Jim Berets asks:
The 7/2/2014 New York Times included an article entitled “How to Digitally Avoid Taking It to the Grave” regarding access to and control of online content on death. Massachusetts seems to be in the process of drafting legislation, but limited to access to email accounts only. Can you comment on this legislation’s progress and your perspective? I found the following (somewhat dated) document useful in understanding where other states stand: “August 2013 List of State Laws and Proposals Regarding Fiduciary Access to Digital Property During Incapacity or After Death“.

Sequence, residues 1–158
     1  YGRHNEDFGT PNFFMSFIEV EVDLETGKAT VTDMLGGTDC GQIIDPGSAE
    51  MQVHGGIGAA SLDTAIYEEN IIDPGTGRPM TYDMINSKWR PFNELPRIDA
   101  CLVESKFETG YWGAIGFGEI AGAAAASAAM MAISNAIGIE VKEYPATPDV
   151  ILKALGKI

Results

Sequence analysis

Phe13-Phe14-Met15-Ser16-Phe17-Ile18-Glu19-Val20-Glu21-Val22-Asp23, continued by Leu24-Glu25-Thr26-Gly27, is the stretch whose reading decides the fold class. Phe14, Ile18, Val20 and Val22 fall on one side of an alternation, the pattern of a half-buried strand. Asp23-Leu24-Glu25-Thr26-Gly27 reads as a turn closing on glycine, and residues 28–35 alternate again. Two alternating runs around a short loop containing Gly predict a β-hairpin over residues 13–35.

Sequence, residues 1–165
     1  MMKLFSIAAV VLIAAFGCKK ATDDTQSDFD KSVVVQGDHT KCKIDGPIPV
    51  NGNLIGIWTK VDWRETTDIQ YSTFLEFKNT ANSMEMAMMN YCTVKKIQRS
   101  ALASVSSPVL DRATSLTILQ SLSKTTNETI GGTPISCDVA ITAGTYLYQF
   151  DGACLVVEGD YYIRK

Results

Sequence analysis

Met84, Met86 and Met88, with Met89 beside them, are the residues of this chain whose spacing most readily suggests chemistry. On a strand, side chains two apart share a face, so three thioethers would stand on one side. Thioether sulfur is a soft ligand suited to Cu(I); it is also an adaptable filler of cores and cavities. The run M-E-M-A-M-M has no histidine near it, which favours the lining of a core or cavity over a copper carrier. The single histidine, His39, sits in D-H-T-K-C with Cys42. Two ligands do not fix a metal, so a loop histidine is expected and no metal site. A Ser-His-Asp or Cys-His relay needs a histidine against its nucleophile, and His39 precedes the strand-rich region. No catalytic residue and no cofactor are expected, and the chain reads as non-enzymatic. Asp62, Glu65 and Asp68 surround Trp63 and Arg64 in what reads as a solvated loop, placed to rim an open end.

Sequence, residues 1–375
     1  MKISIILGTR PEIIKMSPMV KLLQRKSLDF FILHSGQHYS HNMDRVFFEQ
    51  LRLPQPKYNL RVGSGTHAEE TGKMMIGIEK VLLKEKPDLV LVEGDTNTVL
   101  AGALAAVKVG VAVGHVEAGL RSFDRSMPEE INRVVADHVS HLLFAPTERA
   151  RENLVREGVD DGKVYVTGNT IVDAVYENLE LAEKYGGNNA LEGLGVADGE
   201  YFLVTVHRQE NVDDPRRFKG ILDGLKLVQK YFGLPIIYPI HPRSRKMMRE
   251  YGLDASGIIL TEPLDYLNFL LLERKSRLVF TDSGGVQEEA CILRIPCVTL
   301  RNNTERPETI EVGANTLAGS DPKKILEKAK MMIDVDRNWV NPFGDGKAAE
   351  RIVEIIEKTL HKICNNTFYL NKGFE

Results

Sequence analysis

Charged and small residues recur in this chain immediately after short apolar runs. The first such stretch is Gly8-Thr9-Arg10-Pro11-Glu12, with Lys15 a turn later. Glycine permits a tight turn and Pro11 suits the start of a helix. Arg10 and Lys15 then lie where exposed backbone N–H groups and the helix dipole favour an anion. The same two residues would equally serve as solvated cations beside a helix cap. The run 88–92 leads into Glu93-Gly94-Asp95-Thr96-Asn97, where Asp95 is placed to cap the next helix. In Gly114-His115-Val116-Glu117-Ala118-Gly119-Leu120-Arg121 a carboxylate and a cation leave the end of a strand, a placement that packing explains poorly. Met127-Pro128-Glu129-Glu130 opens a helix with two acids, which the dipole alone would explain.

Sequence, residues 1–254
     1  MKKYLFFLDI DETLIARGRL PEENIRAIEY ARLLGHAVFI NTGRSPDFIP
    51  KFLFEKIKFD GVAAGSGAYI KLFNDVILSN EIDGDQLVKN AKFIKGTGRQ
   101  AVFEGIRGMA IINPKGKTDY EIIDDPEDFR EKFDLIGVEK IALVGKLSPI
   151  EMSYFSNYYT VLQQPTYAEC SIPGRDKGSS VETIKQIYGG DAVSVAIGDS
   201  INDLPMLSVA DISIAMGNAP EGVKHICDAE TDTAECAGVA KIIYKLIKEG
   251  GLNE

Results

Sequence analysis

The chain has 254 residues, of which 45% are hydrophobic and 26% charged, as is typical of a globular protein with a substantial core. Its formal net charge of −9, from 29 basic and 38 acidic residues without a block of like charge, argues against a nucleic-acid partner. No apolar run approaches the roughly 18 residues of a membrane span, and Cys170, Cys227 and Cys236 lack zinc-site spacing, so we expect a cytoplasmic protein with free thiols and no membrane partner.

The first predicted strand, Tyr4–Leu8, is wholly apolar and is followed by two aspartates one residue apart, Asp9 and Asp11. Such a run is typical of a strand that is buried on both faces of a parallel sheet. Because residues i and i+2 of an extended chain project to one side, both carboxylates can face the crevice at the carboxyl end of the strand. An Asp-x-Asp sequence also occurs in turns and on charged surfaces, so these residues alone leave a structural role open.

Thanks for the question, Jim. It is timely. The Senate did pass legislation to address the ownership of electronic assets last session (didn’t get across the finish line). We did report out of my committee, the Judiciary Committee, a similar bill. That bill is now pending in the House as House 4243.
There is still a lot of confusion about the issue, however. Google and others have been lobbying against the draft. On the one hand, heirs might really need to access electronic information of the decedent to find assets. On the other hand, the decedent might really have a privacy interest in not exposing his or heirs to all the correspondence in his electronic archives. Not sure where we’ll get to in this session.
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